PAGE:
IBNA- ‘I and Thou’ by influential Austrian philosopher Martin Buber, is centered on a ‎dilute between human and the world. The Persian translation of the book has been ‎reprinted twice.‎
‎‘I and Thou’ by Martin Buber reviewed ‎
According to IBNA correspondent, ‘I and Thou’ translated into Persian by Abu-Torab Sohrab and Elham Atarodi based on the English translation by Professor Walter Kaufman and released by Farzan-Rouz publishing in Tehran.

Martin Buber's ‘I and Thou’ has long been acclaimed as a classic. Many prominent writers have acknowledged its influence on their work; students of intellectual history consider it a landmark; and the generation born after World War II considers Buber one of its prophets.

Buber's main proposition is that we may address existence in two ways: (1) that of the "I" toward an "It," toward an object that is separate in itself, which we either use or experience; (2) that of the "I" toward "Thou," in which we move into existence in a relationship without bounds.

One of the major themes of the book is that human life finds its meaningfulness in relationships. All of our relationships, Buber contends, bring us ultimately into relationship with God, who is the Eternal Thou.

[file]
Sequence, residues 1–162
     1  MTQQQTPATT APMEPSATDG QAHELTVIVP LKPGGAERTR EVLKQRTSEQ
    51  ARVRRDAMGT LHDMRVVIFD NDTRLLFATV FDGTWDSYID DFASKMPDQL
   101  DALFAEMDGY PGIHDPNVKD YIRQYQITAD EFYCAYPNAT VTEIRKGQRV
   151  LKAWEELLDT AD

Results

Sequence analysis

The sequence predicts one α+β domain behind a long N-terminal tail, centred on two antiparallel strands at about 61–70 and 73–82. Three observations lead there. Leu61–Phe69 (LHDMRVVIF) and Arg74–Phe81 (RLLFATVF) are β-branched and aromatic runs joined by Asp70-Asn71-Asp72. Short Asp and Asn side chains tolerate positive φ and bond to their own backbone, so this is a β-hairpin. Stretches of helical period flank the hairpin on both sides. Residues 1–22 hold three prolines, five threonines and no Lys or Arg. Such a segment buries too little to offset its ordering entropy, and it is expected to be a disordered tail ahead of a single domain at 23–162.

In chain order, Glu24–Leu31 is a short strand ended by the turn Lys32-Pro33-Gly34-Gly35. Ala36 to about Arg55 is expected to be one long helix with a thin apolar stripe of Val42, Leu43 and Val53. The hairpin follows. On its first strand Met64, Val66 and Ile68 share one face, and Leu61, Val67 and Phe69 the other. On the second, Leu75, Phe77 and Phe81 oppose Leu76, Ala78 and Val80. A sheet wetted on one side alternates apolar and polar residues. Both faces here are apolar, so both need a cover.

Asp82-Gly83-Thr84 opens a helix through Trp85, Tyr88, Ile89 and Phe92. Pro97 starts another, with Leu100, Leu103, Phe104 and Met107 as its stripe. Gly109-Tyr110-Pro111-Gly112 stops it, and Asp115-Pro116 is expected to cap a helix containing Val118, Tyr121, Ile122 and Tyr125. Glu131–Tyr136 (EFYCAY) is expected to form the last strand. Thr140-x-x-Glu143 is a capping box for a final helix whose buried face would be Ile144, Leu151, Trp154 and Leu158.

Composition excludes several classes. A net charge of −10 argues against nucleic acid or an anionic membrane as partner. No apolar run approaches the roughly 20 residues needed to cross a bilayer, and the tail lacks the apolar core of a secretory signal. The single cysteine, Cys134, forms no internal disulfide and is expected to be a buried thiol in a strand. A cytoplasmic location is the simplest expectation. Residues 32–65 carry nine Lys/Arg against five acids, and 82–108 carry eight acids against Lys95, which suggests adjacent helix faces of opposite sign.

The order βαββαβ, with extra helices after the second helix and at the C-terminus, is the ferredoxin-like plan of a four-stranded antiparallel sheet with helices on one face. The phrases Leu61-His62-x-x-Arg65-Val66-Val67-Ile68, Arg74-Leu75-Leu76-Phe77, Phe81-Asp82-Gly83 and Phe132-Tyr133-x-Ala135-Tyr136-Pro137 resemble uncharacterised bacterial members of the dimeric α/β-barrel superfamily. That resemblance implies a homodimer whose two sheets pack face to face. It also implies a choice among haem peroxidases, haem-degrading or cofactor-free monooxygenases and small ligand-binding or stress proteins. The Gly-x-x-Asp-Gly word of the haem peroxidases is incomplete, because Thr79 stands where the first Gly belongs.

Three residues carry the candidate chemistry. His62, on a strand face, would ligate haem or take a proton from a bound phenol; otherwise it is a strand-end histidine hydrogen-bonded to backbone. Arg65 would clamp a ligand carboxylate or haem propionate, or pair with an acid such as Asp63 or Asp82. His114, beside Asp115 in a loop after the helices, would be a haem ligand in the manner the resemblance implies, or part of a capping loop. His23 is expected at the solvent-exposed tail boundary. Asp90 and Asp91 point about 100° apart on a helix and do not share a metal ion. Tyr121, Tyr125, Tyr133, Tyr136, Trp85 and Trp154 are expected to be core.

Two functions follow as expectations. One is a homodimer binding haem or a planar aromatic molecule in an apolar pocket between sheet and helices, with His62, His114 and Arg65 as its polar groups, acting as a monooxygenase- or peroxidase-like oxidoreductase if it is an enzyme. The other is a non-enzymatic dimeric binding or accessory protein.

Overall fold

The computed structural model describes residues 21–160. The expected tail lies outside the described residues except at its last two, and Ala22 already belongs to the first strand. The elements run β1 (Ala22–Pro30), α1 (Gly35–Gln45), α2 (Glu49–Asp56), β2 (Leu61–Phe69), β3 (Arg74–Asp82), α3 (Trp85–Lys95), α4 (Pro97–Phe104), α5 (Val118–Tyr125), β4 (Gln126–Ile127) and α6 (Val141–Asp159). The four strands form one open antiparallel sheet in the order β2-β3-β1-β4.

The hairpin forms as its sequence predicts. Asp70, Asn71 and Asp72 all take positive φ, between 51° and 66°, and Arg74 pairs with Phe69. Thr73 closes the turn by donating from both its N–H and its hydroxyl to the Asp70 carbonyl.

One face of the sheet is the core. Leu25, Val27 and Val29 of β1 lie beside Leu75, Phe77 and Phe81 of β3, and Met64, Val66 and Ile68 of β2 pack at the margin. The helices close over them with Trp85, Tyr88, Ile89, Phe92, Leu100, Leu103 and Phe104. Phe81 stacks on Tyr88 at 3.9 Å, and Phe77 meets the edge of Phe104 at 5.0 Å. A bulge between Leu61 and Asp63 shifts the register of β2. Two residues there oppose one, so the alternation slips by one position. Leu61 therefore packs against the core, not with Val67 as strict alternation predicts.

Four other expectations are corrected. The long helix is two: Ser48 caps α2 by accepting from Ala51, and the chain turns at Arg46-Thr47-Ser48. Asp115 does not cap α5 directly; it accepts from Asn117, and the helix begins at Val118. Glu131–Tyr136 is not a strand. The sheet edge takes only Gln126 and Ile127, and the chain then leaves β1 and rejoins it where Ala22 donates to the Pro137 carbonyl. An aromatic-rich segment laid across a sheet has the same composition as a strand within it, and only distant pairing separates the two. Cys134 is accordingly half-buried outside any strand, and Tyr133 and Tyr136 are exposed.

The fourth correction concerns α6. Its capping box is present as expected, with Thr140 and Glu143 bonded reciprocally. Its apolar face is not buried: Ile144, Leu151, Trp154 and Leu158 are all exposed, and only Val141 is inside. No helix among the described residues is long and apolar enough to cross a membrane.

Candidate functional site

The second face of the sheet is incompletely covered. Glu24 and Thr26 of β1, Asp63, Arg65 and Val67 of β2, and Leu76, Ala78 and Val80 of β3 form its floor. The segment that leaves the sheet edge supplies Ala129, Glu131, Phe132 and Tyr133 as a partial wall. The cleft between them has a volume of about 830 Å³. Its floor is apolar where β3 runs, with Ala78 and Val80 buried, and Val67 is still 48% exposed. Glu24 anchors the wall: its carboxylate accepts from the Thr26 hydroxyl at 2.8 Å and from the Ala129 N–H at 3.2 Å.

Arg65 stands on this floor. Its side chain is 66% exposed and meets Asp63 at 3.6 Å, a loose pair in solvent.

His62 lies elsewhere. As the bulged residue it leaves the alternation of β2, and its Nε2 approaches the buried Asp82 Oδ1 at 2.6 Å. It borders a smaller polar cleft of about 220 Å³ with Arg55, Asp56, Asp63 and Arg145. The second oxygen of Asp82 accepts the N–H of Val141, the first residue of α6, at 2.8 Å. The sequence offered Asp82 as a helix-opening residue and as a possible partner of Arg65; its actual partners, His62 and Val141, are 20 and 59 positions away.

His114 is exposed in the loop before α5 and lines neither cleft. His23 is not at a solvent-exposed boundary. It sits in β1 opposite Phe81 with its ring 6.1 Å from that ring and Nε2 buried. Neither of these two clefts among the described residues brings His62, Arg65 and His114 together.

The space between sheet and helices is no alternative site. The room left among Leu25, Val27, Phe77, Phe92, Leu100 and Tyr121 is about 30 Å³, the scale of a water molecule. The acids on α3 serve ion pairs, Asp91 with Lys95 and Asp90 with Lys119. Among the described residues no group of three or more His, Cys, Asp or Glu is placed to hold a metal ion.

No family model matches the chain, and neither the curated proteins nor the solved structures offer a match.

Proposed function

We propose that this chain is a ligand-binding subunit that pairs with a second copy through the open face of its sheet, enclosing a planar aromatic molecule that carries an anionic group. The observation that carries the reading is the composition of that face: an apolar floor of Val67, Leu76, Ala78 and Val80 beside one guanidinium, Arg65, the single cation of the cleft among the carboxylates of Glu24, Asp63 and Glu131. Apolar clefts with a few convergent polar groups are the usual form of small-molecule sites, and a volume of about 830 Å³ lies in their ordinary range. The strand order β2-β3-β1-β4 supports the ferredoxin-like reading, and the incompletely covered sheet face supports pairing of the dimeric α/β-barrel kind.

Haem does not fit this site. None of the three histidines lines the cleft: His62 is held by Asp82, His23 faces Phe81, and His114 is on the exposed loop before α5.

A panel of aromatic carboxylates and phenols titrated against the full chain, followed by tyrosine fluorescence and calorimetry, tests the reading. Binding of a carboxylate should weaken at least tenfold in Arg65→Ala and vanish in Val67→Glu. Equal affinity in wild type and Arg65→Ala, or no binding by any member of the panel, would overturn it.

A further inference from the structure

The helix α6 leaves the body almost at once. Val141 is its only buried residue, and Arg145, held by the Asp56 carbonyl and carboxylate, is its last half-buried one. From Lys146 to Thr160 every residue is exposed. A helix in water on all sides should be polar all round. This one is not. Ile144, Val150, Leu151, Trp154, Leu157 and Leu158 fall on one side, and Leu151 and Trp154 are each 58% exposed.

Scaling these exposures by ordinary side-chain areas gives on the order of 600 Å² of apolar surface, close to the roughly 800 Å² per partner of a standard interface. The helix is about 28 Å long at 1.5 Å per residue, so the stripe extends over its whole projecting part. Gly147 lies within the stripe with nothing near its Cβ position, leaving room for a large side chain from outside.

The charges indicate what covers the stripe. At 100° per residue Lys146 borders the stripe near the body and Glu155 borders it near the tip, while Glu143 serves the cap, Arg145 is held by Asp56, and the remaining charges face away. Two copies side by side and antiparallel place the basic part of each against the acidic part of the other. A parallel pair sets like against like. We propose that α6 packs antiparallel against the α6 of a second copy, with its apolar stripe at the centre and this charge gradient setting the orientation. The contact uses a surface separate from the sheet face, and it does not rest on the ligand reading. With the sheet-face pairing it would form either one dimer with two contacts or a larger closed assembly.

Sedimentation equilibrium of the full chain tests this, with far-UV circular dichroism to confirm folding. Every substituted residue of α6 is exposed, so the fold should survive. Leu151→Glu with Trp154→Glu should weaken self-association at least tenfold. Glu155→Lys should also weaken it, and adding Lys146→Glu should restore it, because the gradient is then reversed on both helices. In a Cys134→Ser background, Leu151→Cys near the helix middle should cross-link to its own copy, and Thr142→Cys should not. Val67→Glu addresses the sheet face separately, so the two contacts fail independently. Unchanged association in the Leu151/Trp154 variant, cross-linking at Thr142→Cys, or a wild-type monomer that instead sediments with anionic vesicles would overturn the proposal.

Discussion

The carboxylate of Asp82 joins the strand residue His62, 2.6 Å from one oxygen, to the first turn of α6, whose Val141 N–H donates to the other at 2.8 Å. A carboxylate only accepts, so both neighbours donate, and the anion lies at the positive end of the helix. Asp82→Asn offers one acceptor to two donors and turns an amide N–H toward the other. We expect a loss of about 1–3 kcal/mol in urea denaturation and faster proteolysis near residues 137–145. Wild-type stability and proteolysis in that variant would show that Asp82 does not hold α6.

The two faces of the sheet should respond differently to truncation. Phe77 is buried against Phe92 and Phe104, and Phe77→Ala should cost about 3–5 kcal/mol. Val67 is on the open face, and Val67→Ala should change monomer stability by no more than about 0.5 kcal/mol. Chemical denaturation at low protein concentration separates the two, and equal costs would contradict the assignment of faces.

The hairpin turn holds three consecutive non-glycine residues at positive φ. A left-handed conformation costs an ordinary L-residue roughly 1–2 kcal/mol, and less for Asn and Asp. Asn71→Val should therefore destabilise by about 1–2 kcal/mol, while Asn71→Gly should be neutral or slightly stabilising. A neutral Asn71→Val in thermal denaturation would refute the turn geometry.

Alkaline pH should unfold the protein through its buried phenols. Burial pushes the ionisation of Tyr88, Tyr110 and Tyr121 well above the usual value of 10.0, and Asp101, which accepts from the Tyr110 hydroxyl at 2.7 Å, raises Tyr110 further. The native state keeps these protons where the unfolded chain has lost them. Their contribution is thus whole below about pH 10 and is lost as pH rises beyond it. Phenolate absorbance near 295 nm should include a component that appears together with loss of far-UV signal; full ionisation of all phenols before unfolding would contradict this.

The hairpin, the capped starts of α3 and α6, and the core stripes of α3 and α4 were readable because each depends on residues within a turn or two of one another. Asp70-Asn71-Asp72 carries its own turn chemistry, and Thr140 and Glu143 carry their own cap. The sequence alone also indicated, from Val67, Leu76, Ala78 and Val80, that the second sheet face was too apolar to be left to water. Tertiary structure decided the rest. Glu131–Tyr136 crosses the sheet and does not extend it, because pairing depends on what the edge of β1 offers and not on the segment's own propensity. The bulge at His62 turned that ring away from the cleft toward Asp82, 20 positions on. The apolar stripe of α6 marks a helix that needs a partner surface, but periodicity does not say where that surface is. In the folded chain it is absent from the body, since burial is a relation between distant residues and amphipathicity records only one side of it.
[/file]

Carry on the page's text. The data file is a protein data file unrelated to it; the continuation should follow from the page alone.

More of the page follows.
The second English translator of the book Professor Walter Kaufmann, a writer and philosopher in his own right who was close to Buber, retranslated the work at the request of Buber's family.

He added a wealth of informative footnotes to clarify obscurities and bring the reader closer to the original and wrote an extensive prologue that opened up new perspectives on the book and on Buber's thought.
The third Persian edition of ‘I and Thou’ was released in 208 pages and 600 copies in 2016.
Story Code : 273203
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